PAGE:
If you need air sampling/testing of someone exposed to the chemicals discussed in this article, call us at 973-366-4660 or email us at firstname.lastname@example.org for details and a free estimate.
Written By: Robert E. Sheriff, MS, CIH, CSP, President
November 1, 2018; November 14, 2019; Updated November 2021
Indoor Air Quality
As of this year, 2018, business actions in the United States certainly seem to be expanding. The concern is: Is the effort to control the air that someone breathes keeping pace with the industrial expansion? Experience says that air quality control will likely lag behind expansion, which puts the public and workers at risk for work-related illnesses.
In short, the potential for worker exposure to chemicals will result in an increase in illness, worker compensation claims and OSHA recordable illnesses.
Determining Worker Exposure to Indoor Air Pollution
The first step at exposure control is to monitor the air that people breathe. The best method of determining exposure is actual sampling while he/she is at work, play or home. Miniaturization of sampling equipment now allows the samplers to be placed almost anywhere, including on the person. This can be a small, battery-powered sampler or even a small, passive badge sampler attached to someone while a particular task is performed. The testing can be as short as a few minutes or up to 24 hours. Another method of sampling is to use a vacuum cylinder that draws in air overtime for a few minutes or up to 24 hours. Once the exposure testing period is complete, the sample can be sent to a laboratory for analysis.
The proper person to do the sampling is referred to as an industrial hygienist—or a specially trained safety person. This industrial hygienist would generally observe the sampling for at least some of the time so that when results are obtained from the laboratory, they can be interpreted in line with the activity. This will help to ensure a professional judgment can be made as to whether the exposure was safe and within acceptable exposure limits, such as OSHA or EPA.
When interpreting the results, the impact of exposure and the need for corrective measures are more important than the air sampling itself—even if done properly. This requires the input of an experienced Industrial Hygienist or other health professional.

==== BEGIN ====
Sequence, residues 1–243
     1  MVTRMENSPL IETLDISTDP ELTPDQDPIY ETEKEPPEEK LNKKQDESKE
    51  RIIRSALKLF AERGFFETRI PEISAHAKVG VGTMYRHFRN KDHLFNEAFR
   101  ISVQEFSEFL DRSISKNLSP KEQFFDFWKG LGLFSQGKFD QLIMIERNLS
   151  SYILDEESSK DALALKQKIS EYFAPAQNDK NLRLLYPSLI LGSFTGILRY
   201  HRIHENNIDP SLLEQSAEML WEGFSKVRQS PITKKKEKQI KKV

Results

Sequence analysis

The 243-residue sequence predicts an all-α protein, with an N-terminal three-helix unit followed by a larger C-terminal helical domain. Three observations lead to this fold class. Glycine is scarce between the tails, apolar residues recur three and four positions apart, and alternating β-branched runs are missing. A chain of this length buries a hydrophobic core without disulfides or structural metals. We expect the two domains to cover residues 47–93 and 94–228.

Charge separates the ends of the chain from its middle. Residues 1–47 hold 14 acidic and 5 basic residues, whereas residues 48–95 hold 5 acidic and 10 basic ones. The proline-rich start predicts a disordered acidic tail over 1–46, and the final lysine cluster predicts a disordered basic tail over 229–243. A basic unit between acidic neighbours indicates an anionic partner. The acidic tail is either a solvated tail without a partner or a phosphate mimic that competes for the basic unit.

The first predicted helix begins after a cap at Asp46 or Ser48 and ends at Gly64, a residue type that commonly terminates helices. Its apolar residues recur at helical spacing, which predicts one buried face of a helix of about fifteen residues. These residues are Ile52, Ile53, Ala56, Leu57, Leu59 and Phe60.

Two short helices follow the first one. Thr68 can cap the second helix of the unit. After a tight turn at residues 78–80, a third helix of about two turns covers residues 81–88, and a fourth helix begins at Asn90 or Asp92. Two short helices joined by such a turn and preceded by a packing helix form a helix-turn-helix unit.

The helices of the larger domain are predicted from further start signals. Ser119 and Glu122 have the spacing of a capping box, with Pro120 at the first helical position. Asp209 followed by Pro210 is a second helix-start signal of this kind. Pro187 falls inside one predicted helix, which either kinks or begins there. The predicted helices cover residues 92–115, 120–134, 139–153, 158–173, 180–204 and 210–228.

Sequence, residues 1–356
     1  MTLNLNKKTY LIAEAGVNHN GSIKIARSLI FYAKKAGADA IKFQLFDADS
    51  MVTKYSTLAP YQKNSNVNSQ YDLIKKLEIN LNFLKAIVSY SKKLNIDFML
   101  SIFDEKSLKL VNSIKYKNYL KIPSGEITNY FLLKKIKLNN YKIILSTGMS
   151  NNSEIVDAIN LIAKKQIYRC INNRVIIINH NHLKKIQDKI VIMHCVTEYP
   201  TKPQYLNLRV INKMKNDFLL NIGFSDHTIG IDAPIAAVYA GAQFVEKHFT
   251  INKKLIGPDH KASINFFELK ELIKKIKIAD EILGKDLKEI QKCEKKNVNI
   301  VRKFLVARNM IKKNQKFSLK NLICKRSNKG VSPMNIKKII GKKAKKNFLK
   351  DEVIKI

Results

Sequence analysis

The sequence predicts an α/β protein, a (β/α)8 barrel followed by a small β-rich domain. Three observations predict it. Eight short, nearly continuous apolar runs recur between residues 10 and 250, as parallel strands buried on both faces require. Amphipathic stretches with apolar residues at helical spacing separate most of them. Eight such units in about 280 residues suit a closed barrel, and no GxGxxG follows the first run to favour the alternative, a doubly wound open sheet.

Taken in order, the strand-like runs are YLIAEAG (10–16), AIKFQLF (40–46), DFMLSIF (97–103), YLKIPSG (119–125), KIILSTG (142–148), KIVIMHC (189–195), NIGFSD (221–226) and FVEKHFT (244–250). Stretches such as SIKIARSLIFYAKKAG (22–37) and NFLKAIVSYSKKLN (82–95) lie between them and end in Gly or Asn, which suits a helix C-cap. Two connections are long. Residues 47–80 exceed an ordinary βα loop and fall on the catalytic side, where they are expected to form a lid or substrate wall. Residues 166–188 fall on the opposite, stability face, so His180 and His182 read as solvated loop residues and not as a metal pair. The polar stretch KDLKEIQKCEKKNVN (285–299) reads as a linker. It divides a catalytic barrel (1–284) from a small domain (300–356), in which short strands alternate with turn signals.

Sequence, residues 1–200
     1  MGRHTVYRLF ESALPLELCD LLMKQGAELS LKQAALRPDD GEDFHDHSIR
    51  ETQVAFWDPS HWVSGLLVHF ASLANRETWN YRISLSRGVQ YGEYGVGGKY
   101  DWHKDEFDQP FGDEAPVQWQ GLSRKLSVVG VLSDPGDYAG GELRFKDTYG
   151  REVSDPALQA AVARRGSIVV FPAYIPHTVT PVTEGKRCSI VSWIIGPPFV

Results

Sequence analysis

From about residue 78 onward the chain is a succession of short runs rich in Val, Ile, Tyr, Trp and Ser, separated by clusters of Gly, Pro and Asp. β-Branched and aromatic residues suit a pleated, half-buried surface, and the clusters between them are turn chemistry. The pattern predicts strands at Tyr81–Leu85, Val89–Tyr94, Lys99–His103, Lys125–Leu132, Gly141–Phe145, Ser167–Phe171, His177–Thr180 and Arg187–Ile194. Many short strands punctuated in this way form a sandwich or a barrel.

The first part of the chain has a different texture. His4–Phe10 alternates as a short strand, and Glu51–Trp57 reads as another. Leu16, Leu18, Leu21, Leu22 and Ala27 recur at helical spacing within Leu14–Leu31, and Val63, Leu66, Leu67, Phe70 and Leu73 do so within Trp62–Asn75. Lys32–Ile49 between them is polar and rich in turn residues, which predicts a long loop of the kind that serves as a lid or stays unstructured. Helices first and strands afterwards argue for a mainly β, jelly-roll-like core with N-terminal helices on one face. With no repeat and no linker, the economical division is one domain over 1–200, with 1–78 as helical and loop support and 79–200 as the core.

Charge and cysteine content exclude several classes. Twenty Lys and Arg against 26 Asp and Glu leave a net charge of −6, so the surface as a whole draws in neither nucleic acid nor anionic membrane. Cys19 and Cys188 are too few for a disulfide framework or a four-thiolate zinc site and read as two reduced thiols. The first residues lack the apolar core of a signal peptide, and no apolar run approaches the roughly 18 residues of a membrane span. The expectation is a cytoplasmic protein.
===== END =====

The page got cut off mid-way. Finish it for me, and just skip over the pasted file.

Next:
As time goes on, the sampling equipment and methods become more accurate, but the interpretation of the test results become more complex. Thus, as time goes on and testing equipment and methods improve, the need for an experienced industrial hygienist, toxicologist, and epidemiologist becomes more critical.
Sampling, Analysis, and Interpretation
Another complexity involves testing and analysis that duplicates the acceptable sampling criteria for OSHA regulated substances which only applies to workers in the U.S. labor force. There are about 500 chemical agents in the U.S. Workplace that are specifically regulated by OSHA. Sampling, analysis and interpretation of results regarding OSHA compliance must be done by a person and/or organization that can duplicate the sampling according to OSHA methods and be able to determine compliance with the appropriate regulations. Where no OSHA limits exist, the qualified professional must identify other sources of information to determine a safe exposure level. For more toxic substances, the qualified professional can recommend controls and substitutions that are less toxic.
We have the technical and professional staff to do sampling and interpretation.
If further information is desired, feel free to contact us at 973-366-4660 or email@example.com.
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